Founder of the Bnei Baruch Kabbalah Education & Research Institute, which is dedicated to teaching and sharing the wisdom of Kabbalah. Professor of Ontology, PhD in Philosophy and Kabbalah, and MSc in bio-Cybernetics. Father of three and grandfather of three.
I was born in 1946. When I graduated from college, I chose to major in bio-Cybernetics. After my internship I worked at a Hematology Research Center in Leningrad. Even as a student I was impressed by the wondrous manner in which the organic cell sustains life. I was in awe by the way in which the cell harmoniously incorporates itself in the rest of the body.
It is quite common to study the structure of cells, their functionalities, and to ask about the purpose of their existence, meaning how they function with respect to the rest of the body. But the question I could not find the answer to concerned the purpose of the existence of the whole body.
I assumed that like the cells in the organism, the body is a part of a greater system, towards which it functions as a part of the whole. But my relentless attempts to research the subject within the scientific arena were repeatedly met with denial and rejection. I was told, “Science does not deal with such questions.”
This was in the 1970s in Russia. When I resolved to flee Russia, I was once more hopeful that, perhaps in Israel I would be able to continue with the research that had captivated me.
In 1974, after four harsh years of being a refusenik (one refused to leave Russia in the days of the Soviet Union), and after a long and arduous journey, I finally arrived in Israel. When I approached the universities and academic institutions that operated in Israel at the time and presented them with my ideas, they offered me (yet again) to perform research on a particular, limited scale. This made me realize that I will have to search for a place where I could study the comprehensive systems of reality.
After many years of searching, I had finally found my teacher—Kabbalist Rav Baruch Shalom Ashlag (the Rabash), the firstborn son and successor of the great Kabbalist Rav Yehuda Ashlag, known as Baal HaSulam (Owner of the Ladder) for his Sulam (Ladder) commentary on The Book of Zohar. For the next twelve years, 1979-1991, I never moved from the side of Rabash, until his passing. To me he was “The Last of the Mohicans,” the last in the long dynasty of Kabbalists that stretched thousands of years back. The whole time I was with him, I served as his personal assistant, his secretary, and his prime student. With Rabash’s encouragement, I wrote and published my first 3 books in 1983.
After the passing of my teacher, I began to develop the knowledge I had acquired and circulate it openly, as he had instructed me to do. I considered it a direct continuation of his way.
In 1991 I established Bnei Baruch, a group of Kabbalah students that implements the legacy of Baal HaSulam and Rabash on a day-to-day basis. Bnei Baruch has become an extensive international organization with thousands of students the world over. Today, the members of Bnei Baruch research, study, and circulate the wisdom of Kabbalah.
We host the largest website on Kabbalah, www.kabbalah.info, in over 30 languages. The site contains the web’s largest Kabbalah resource: books, articles, films, lessons, and lectures on Kabbalah. All the material is available to the public free of charge.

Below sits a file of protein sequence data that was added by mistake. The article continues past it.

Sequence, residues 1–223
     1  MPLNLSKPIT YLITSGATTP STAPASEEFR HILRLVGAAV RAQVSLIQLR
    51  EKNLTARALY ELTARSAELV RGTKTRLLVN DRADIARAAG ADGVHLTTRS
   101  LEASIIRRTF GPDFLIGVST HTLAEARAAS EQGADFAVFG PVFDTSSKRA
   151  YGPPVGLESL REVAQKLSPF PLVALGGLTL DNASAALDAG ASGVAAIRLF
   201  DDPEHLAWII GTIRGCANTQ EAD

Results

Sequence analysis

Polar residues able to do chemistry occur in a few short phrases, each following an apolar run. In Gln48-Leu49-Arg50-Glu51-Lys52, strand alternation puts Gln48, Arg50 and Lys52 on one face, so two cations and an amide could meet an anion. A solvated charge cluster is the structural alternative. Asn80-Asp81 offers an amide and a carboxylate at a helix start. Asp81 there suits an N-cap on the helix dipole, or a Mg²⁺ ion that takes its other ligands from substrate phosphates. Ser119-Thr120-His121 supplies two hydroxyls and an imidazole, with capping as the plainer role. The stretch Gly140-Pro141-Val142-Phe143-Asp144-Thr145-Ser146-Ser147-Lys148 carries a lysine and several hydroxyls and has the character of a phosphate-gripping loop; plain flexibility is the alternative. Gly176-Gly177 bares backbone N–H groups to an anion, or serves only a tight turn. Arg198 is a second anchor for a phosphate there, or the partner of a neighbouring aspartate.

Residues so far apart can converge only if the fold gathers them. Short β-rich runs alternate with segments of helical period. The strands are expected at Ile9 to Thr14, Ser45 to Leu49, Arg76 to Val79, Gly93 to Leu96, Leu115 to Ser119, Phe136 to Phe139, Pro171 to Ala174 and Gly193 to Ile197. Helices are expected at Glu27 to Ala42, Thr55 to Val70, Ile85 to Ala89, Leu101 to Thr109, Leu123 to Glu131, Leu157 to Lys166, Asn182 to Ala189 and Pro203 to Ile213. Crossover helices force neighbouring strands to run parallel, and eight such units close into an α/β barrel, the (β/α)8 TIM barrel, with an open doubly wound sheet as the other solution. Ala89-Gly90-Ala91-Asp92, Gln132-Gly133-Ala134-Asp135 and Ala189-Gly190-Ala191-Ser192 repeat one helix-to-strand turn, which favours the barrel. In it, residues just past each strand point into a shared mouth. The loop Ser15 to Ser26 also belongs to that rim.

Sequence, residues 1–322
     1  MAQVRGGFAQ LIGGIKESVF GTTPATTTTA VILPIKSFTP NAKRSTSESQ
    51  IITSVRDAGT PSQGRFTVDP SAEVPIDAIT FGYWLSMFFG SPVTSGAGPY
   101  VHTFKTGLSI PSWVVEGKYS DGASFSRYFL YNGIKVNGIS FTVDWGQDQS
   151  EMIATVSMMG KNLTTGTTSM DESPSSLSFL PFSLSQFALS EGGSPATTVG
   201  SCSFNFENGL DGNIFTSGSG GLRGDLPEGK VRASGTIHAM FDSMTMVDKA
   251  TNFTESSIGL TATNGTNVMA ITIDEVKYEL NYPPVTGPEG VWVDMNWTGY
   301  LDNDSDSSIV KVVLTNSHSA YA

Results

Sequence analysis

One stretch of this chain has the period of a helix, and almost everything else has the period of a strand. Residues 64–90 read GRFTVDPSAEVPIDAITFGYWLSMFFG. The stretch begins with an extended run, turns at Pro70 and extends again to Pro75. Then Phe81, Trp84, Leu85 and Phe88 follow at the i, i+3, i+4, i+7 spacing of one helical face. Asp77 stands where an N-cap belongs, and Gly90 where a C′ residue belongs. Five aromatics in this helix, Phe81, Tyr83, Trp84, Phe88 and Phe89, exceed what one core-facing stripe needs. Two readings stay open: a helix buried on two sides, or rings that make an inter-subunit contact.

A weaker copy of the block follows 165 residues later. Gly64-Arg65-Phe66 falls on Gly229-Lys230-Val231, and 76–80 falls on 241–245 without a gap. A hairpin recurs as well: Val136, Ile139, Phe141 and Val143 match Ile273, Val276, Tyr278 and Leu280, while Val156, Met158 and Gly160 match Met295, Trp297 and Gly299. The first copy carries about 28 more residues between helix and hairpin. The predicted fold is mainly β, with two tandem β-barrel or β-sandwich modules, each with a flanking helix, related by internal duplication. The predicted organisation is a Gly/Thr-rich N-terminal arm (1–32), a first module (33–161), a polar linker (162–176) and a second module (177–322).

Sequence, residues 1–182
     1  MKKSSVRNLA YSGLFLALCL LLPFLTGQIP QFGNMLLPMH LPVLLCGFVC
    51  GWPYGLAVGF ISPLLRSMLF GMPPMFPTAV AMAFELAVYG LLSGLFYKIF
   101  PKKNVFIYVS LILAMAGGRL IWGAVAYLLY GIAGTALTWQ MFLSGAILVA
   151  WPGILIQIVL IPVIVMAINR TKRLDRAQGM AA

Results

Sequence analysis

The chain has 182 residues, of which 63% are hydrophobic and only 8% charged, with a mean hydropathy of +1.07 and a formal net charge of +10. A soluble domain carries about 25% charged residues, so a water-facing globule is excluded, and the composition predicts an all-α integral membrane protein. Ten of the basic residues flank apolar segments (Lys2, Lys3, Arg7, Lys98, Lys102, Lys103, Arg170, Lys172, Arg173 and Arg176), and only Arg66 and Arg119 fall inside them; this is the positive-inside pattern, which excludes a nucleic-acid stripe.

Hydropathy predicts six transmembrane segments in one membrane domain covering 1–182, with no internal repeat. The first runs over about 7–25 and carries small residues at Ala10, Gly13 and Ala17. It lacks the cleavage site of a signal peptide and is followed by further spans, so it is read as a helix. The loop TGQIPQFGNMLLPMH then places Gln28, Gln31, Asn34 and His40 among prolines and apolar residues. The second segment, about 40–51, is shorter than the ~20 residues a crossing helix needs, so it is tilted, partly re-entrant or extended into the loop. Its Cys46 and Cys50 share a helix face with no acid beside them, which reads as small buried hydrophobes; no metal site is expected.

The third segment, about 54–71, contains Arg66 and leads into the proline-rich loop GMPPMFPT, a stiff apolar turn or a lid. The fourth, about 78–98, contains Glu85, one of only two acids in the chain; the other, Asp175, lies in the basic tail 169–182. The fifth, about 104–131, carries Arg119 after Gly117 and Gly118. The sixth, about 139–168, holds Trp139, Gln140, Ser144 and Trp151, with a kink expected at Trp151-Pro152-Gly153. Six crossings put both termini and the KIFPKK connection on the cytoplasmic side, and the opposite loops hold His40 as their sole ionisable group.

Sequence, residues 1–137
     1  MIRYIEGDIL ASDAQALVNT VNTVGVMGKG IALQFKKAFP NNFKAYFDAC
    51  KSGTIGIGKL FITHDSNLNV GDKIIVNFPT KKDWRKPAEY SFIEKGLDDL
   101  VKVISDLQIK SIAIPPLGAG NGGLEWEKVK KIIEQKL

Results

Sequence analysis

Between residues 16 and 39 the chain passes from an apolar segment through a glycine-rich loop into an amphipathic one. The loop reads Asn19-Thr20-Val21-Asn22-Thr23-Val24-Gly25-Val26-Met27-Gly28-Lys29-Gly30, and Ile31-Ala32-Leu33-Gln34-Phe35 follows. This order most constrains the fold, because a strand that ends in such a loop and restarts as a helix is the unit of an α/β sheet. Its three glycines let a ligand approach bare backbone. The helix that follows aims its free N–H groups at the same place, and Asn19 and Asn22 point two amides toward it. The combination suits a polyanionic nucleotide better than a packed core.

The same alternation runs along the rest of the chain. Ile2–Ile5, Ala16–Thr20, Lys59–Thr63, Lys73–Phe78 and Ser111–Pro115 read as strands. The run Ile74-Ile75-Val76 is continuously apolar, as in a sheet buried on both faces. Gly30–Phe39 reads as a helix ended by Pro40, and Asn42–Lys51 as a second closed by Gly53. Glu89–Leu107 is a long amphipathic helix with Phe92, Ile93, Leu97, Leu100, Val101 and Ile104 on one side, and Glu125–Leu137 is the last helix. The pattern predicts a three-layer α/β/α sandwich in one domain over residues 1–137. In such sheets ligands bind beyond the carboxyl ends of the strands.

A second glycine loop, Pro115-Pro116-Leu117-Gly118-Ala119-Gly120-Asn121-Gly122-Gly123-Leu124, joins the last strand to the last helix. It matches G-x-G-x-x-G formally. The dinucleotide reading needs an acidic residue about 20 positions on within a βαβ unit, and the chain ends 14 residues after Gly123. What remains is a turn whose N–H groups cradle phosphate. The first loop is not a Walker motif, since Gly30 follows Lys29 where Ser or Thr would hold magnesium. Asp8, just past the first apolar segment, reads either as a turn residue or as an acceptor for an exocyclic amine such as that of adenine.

In recent years we have established a film production company to produce educational films, lessons, and lectures aired daily on cable and satellite TV in Israel and all over the world. The content is produced at the center in Petah Tiqwa, Israel, which is also home to the Bnei Baruch Kabbalah Education Center (Beit Kabbalah L’Am in Hebrew), our lecture hall. The Bnei Baruch Kabbalah Education Center is host to a variety of courses on Kabbalah.
Alongside this activity, we have established KabU, which provides entry-level courses, guided study and a student community to study the wisdom of Kabbalah.
Additionally, we have collaborated with numerous international research institutions. As part of this activity, we have been invited to join the World Wisdom Council (WWC), headed by Prof. Ervin Laszlo, who was nominated for the Nobel Prize in 2004 and 2005.
In recent years we have participated in several international events. Among the locations we have appeared in are San Francisco, Tokyo, Arosa (Switzerland), Düsseldorf (Germany), and Monterrey (Mexico). The goal in all these events was to circulate the knowledge contained within the wisdom of Kabbalah and share it with humanity at large.
I am committed to continue in the footsteps of my teachers, Baal HaSulam and Rabash, to publicly and openly disseminate Kabbalah to anyone who wishes to know it. I am not introducing anything new; I am merely simplifying and interpreting the writings of my teachers to my contemporaries.
Thus, I hope to help bring the wisdom of Kabbalah out of its sheath and enhance its desperately needed expansion, as Baal HaSulam had instructed in his books. This was also Rabash’s instruction to me, and this is what I try to achieve, to the best of my ability and understanding. This process is of the utmost importance to the future of Israel and the world at large.
But first, authentic Kabbalah must be cleared of all the misconceptions that have been attached to it over the years. Authentic Kabbalah is not related to healing, charms, mascots, holy water, red bracelets, or meditation. It is also unrelated to any mysticism or religion.
The wisdom of Kabbalah, as defined by the greatest Kabbalists, is a method to correct man and the world. And it is emerging today because today humanity needs it like air.